In this post, you are going to learn the importance of linear regression and how to implement it using Scikit learn in python.

Linear Regression is a supervised learning technique used to perform predictions on numerical data.

This is a foundational machine learning technique that can serve as a first step into a more complicated algorithm such as Random Forest or Support Vector Machine.

**Linear Regression Simulations**

There are different types of regression, but for this introductory tutorial, we’ll try doing linear regression from scratch. Linear regression has a really nice property called the “constancy property”.

A set of data points, if added to a scatter graph with their corresponding fitted line, should pass through a single point – the origin.

I’ve written before about how I like building Monte Carlo models. I love simulations because they let you try different values of the key unknowns in your model and make more clear the assumptions made in a model.

They also make the results of your modeling effort more tangible and can help you gain an intuitive sense of what happens when different assumptions in your model are violated.

Simulations are software packages that follow a set of instructions to make something happen.

In this post, I’ll walk you through a simulation example of linear regression using bootstrapping.

There are plenty of examples that show you how to simulate data from a linear regression model using various functions in R (like nls() ).

But that didn’t really help me understand what’s going on behind the scenes. Below, I’ll work through the steps manually.

This will give you some insight into how random sampling builds on theoretical foundations and gives you the power to run analyses in situations where simulating with functions would be inconvenient.

As a quick side note: real data is much too dirty to work within this way and you should always examine results on real data.

I am using simulated data because it’s really easy to analyze, but that means all the mistakes and inaccuracies are mine, not yours! Good news though: I won’t mind at all if you misuse my code, so long as you cite me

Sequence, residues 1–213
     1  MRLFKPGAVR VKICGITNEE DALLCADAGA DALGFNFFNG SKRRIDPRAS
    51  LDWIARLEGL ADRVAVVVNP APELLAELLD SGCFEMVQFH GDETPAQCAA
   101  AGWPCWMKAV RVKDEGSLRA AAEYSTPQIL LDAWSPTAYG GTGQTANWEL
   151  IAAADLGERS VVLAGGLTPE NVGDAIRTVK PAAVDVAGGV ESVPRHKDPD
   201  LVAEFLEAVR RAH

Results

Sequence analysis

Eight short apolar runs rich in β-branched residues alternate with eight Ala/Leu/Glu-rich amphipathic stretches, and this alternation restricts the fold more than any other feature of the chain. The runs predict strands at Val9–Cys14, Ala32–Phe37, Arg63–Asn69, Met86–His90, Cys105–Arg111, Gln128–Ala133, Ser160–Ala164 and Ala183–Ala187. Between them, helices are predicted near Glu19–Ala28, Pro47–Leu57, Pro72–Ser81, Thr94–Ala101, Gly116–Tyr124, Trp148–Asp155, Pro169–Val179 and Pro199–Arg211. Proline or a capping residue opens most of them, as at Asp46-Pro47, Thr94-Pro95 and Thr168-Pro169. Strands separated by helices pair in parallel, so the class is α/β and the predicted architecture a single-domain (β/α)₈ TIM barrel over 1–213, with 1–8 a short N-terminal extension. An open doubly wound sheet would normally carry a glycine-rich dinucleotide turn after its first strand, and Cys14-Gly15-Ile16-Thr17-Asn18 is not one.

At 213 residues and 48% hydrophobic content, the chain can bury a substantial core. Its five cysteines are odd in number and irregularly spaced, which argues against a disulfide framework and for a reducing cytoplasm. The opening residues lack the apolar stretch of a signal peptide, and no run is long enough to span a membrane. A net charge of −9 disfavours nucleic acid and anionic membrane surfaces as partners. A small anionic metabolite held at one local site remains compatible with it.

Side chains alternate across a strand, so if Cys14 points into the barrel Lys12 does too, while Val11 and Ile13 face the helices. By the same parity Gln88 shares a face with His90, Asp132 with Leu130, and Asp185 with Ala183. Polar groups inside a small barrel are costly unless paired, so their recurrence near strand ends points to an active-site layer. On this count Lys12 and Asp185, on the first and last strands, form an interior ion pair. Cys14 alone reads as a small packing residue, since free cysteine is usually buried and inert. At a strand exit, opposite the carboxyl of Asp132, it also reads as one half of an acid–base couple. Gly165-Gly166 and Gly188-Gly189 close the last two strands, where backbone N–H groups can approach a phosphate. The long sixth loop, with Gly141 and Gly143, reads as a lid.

Many people are comfortable fitting even simple linear regression models. But few people actually think about the assumptions of the model as they work with them and as a result.

I think it’s important for everyone to understand how to not just fit models, but also to create good simulations of what those models would produce.

The field of applied statistics is filled with statistical models that are used to analyze data in a variety of applications including engineering, economics, medicine, and the natural sciences.

**Assumptions of Simpler Linear Regression**

The assumptions of simpler linear regression are so basic that they rarely introduce any problems.

Following are the important Assumptions of Simpler Linear Regression we need to build in the model:

**Linear relationship:****Independence:****Homoscedasticity:****Normality:**

The equation can be simplified to y=bᵢx, where ᵢ is the variance in x. It is important to remember that s and r should be known.

The assumptions of linear regression are different from those of most other statistical methods because they are related to the structure of the model more than to the distribution of errors.

Linear regression assumes that there is a linear relationship between the response variable (y) and the predictor variable.

This linear relationship may be further described by one or several straight-line functions. Moreover, the relationships described by these functions need to be monotonic in x.

There are a few possible ways to define what it means for a relationship to be monotonic, so I will briefly describe them here.